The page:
Mental health services ‘broken and heading for crisis’

Staff are burnt out and ‘leaving in droves‘ UNISON health delegates are told

Delegates at UNISON’s health conference took part in a wide-ranging debate on what is regarded as the under-funded and overworked “Cinderella” service of the NHS.

Conference heard of the continued pressure that funding cuts have created for staff working in mental health across the UK, with spiralling workloads, lack of support from management and the effects on their own mental health.

As a result, 45% of respondents to a UNISON survey have said they are thinking of leaving their jobs.

Sam Hemraj (above) of the health service group executive said that mental health care was a “critical service” for UK citizens that deserved better than the understaffing that funding forced upon it.

Her own son has personality disorder and has waited 18 months for treatment, she told delegates. “My son’s life is on hold. He is in desperate need to start treatment.

“It’s not just my son who’s waiting, but many other service users, which is putting strain on families and carers and frustrated staff.”

She said that “it’s the system that’s failed, not staff,” blaming the government for “lack of funding, lack of care, lack of understanding of users and staff.”

Roger Davey of Wiltshire and Avon said that there had been a cut in mental health beds of 30% since 2010, with an 8% cut in budgets.

“Tory policies are toxic to mental health and wellbeing,” he said. “Tory policies make people ill – then they take away the means to treat them. And that has a detrimental impact on the health of mental health workers.”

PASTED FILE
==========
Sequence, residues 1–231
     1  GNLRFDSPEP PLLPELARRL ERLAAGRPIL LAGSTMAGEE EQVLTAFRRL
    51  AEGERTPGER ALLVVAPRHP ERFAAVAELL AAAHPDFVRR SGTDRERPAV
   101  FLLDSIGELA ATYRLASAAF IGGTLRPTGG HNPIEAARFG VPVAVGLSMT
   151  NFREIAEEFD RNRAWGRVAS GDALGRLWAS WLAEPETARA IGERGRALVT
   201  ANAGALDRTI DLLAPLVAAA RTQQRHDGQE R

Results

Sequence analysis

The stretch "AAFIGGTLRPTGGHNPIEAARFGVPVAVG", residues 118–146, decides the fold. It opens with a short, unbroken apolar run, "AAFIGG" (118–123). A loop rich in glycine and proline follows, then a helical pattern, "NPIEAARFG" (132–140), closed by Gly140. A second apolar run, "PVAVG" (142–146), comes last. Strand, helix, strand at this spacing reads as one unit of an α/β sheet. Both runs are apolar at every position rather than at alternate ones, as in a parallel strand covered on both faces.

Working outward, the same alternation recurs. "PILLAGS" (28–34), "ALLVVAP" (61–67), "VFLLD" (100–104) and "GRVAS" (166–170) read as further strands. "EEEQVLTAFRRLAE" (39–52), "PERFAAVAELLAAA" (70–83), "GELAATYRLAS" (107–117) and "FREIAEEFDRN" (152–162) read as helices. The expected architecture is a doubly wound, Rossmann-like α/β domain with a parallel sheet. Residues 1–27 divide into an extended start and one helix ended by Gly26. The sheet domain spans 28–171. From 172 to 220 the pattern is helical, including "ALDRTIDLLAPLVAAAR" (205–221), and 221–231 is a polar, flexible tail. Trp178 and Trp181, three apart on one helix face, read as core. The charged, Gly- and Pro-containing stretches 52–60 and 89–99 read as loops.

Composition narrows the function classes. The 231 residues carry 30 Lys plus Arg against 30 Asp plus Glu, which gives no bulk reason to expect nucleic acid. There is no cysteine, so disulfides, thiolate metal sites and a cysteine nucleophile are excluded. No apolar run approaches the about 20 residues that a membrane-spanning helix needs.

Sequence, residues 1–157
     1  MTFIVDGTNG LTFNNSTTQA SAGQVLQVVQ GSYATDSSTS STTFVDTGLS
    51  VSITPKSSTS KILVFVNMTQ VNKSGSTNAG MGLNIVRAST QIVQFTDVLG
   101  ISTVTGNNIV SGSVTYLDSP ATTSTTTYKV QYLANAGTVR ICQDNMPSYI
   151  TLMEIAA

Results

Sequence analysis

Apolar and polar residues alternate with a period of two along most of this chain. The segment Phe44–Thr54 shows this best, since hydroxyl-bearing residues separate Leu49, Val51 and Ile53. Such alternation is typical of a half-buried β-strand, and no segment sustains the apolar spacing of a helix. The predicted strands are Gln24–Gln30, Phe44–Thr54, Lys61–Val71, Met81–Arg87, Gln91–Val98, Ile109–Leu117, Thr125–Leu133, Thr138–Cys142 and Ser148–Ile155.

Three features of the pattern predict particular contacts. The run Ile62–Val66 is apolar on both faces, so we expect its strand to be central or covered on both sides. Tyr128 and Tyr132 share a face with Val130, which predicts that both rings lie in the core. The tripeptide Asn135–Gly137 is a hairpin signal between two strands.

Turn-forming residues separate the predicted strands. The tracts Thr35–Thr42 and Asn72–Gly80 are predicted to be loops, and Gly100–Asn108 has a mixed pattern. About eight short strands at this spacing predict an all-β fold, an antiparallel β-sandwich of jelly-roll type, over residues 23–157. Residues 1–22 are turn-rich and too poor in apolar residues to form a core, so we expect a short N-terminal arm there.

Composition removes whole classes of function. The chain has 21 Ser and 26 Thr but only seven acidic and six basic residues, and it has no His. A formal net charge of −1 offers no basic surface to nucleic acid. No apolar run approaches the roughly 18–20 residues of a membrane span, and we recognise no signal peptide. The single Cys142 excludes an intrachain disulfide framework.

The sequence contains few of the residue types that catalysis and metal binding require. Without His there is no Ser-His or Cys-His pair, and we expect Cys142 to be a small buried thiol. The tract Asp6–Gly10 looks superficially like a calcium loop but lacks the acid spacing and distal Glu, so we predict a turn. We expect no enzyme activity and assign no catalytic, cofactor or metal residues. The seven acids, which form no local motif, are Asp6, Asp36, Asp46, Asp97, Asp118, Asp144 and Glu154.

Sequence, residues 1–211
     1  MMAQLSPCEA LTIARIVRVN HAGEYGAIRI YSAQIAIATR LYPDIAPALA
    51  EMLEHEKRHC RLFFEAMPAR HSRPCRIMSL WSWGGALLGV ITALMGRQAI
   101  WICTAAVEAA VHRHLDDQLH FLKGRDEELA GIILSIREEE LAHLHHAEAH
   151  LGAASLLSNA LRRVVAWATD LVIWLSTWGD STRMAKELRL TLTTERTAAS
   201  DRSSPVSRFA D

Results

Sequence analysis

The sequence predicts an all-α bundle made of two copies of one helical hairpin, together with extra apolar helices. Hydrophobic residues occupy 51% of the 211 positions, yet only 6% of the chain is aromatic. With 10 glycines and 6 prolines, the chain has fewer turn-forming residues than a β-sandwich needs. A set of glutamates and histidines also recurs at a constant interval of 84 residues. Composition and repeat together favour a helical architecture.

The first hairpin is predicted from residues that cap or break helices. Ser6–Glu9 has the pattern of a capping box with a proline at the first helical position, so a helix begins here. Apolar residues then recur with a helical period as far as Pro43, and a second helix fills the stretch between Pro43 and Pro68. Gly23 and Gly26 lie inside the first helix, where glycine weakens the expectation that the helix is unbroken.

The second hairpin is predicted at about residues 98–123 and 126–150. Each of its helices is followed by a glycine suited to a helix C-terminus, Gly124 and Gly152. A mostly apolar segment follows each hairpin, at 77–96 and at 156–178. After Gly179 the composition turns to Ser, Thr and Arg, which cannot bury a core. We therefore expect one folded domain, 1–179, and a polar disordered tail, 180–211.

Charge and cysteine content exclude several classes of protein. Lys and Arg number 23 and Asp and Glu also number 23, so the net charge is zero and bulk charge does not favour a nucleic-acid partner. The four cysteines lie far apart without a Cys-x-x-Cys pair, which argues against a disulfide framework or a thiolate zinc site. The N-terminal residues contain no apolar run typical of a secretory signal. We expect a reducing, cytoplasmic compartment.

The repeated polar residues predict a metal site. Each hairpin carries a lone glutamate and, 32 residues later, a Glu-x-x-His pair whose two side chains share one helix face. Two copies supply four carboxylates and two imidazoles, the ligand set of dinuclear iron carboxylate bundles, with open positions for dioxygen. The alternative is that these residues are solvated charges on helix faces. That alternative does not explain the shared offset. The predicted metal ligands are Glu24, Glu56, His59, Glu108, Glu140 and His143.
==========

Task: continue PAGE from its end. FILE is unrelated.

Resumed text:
Susan Highton of Yorkshire & Humberside said: “There are no resources. They’ve been cut and cut and cut.” It wasn’t just nurses who are affected, she said, but admin staff, housekeepers, the whole gamut of support staff – many “burnt out, on their knees, crying, under stress.”

Pat Heron of the national women’s committee reminded conference that the NHS was predominantly comprised of female staff.

“Mental health services are broken and heading for crisis,” she added. “All we see is virtual money being moved from one service to another. There’s no new money. Nurses say it’s like being at war, on a battlefield, and you know you’re not winning.”

The day’s guest speaker was Andy Bell, deputy chief executive of the Centre for Mental Health, an independent charity which researches and collects evidence in support of equality for people with mental illness.

Mr Bell told the delegates that in recent years there had been no shortage of attention or interest on mental health. But this was not enough.

“It’s really important that we have a sensible debate about mental health legislation and modernise it so that it really reflects the 21st century and the values that I think we share,” he said, “with more shared decision-making, more rights and more equality for people with a mental illness.”

Conference called on the executive to:

  • campaign for access to good mental wellbeing services for all NHS staff;
  • promote the findings of the UNISON mental health survey and outline actions employers can take to ensure staff remain in their roles;
  • continue to develop support for mental health champions and mental health first aiders within NHS organisations;
  • campaign for improved resourcing of mental health services with a guaranteed percentage share of the NHS budget – allowing for sufficient funding and workforce numbers;
  • campaign on a wider platform, including Labour Link, to secure political support for these objectives.

As Ms Highton told conference. “Let’s make mental health part of the NHS and not the Cinderella service.”